Utah parents who killed selves, children feared apocalypse
SPRINGVILLE, Utah (AP) — A Utah couple and their three children who were found dead in their home last fall overdosed on drugs after the parents told friends they were concerned about a pending apocalypse, authorities said Tuesday.
Police also found old letters from the mother to a Utah man in prison for killing family members in the name of God, murders that were chronicled in the 2003 John Krakauer book "Under the Banner of Heaven."
Benjamin and Kristi Strack and three of their four children — ages 11, 12 and 14 — were found dead in September in a locked bedroom of their Springville home. All five were in a bed, with the kids tucked into the covers around their parents.
At a news conference Tuesday, Springville Police Chief J. Scott Finlayson said investigators have concluded their probe and determined the family members died from "drug toxicity" from either methadone, heroin or a combination of drugs.
Authorities determined the parents committed suicide. The younger two children's deaths were ruled homicides, although Finlayson said there were no signs of a struggle.
The manner of death for the 14-year-old, Benson Strack, was undetermined.
Police said Benson left a goodbye letter bequeathing some of his belongings to his best friend. The only other recent writing the family left behind was a notebook containing handwritten to-do lists about feeding the pets and other chores.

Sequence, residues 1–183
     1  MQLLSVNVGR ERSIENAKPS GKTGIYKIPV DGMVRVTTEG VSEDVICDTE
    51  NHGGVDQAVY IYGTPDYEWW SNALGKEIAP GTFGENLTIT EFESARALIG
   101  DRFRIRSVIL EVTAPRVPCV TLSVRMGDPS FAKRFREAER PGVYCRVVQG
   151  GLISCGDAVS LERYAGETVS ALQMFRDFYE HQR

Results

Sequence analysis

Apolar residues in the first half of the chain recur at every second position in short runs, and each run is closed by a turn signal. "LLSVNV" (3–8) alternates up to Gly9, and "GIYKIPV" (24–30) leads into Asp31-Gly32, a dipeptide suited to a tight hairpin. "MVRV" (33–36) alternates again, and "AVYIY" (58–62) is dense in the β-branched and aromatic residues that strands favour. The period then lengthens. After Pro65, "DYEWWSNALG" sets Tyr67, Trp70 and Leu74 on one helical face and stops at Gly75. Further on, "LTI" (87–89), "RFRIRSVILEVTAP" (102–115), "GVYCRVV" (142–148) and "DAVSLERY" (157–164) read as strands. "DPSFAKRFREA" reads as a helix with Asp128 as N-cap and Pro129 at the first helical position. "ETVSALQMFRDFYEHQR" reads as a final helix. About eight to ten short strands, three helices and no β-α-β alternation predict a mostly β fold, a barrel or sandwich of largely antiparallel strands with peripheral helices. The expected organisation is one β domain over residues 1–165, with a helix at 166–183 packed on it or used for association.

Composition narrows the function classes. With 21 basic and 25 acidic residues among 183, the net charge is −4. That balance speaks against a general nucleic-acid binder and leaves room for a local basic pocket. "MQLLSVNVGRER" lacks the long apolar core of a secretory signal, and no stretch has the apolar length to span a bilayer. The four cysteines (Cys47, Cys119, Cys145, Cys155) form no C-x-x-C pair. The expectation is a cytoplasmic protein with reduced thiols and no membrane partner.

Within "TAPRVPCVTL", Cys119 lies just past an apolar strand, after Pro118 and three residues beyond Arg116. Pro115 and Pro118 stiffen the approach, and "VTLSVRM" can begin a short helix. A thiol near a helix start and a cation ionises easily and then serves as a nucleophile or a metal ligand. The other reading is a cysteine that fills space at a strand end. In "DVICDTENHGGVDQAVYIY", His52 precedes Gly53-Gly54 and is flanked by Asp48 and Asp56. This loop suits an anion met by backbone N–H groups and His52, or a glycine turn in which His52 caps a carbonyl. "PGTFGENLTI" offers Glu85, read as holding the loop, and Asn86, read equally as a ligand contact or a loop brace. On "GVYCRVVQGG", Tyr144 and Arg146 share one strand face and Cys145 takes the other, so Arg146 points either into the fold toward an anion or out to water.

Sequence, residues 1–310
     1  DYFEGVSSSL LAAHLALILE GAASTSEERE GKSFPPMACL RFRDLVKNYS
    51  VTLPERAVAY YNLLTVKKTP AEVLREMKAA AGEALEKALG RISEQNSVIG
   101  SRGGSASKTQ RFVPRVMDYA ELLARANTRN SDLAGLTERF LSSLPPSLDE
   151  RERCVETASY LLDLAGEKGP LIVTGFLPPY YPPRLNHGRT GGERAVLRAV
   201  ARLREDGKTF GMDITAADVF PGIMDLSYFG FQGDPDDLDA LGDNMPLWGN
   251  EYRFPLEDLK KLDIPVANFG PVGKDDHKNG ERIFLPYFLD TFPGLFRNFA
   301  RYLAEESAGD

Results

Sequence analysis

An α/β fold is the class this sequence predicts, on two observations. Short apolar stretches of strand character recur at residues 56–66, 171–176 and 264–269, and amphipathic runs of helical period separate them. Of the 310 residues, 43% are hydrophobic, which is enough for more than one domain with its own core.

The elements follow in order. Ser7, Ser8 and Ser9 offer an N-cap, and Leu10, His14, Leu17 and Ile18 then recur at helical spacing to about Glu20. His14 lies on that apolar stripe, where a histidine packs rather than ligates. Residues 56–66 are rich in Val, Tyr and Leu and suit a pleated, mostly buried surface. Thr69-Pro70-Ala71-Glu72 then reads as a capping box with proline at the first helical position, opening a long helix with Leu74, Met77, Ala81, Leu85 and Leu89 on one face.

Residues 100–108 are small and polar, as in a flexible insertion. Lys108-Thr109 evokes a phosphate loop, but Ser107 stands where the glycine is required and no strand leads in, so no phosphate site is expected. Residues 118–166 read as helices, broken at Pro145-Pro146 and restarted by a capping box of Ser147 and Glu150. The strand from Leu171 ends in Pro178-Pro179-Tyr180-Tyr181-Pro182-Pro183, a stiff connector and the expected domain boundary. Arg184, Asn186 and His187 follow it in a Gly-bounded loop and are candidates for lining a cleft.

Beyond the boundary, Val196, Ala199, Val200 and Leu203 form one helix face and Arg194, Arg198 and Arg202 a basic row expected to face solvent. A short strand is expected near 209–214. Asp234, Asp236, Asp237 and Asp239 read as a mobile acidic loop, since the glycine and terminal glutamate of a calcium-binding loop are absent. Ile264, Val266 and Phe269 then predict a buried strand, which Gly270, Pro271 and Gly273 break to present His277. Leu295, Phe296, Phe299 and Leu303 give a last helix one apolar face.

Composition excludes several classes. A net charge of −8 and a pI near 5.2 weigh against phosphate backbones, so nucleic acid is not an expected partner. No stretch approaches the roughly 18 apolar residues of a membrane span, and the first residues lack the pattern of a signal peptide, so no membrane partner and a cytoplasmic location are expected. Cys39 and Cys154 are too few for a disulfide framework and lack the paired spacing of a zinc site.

Finlayson said interviews with people who knew the Stracks indicated the parents were concerned with evil in the world and wanted to escape from "impending doom."
"There seemed to be a concern about a pending apocalypse that the parents bought into," Finlayson said. "While some friends though that suicide might have been, or could have been, included in their plans, others believed they were going to move somewhere and live off the grid."
During their investigation, police found years-old letters between Kristi Strack and Dan Lafferty, who is serving a life sentence for a double murder he committed with his brother Ron.
"Under the Banner of Heaven" is about members of an offshoot of the Church of Jesus Christ of Latter-day Saints, told through the true story of the Laffertys' crimes. The two killed their brother's wife and 15-month old daughter.
Ron Lafferty was condemned to death for the July 1984 slayings of his sister-in-law, Brenda Lafferty, and her baby in American Fork. He claimed to have had a religious revelation sanctioning the slayings because of the victim's resistance to his beliefs in polygamy.
Investigators said it appeared the Stracks were close with Dan Lafferty at one point but hadn't talked to him since 2008. Police Corp. Greg Turnbow said investigators do not believe the couple's beliefs came from Dan Lafferty.
Benjamin Strack's brother Jacob said the final report from investigators wasn't surprising to relatives still mourning the family's deaths.
Looking back, the connection to Dan Lafferty was a troubling sign about the couple's mental state, he said.
The Stracks' bodies were found by their older son and the children's grandmother Sept. 27, according to search warrants. Police found cups with liquid inside next to each of the bodies.
The older son was Kristi Strack's child from a previous marriage.
In a recording of the 911 call released Tuesday, family friend Maureen Ledbetter tells the dispatcher that the whole family killed themselves as grandmother Valerie Sudweeks is heard screaming in the background.
The methadone used in the deaths was prescribed to Kristi Strack, police said.
Court records show Benjamin and Kristi Strack had a history of legal and financial problems, and had gone through court-ordered drug treatment several years ago. But Benjamin Strack's boss has said it appeared those troubles were behind them.
Springville is a city of about 30,000 near Provo, about 45 miles south of Salt Lake City.